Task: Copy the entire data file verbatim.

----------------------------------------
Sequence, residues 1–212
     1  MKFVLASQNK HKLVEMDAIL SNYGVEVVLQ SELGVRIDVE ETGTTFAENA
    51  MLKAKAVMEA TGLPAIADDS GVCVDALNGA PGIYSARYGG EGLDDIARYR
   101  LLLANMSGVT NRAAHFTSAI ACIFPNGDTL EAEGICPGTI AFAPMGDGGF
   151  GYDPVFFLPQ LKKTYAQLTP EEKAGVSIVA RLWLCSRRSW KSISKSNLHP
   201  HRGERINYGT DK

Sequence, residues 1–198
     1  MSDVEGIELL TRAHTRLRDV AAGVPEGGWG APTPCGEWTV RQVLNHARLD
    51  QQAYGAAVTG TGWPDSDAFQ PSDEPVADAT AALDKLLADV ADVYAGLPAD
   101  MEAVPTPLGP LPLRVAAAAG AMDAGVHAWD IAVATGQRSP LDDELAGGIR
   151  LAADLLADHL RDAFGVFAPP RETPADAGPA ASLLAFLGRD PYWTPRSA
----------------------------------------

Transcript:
Sequence, residues 1–212
     1  MKFVLASQNK HKLVEMDAIL SNYGVEVVLQ SELGVRIDVE ETGTTFAENA
    51  MLKAKAVMEA TGLPAIADDS GVCVDALNGA PGIYSARYGG EGLDDIARYR
   101  LLLANMSGVT NRAAHFTSAI ACIFPNGDTL EAEGICPGTI AFAPMGDGGF
   151  GYDPVFFLPQ LKKTYAQLTP EEKAGVSIVA RLWLCSRRSW KSISKSNLHP
   201  HRGERINYGT DK

Sequence, residues 1–198
     1  MSDVEGIELL TRAHTRLRDV AAGVPEGGWG APTPCGEWTV RQVLNHARLD
    51  QQAYGAAVTG TGWPDSDAFQ PSDEPVADAT AALDKLLADV ADVYAGLPAD
   101  MEAVPTPLGP LPLRVAAAAG AMDAGVHAWD IAVATGQRSP LDDELAGGIR
   151  LAADLLADHL RDAFGVFAPP RETPADAGPA ASLLAFLGRD PYWTPRSA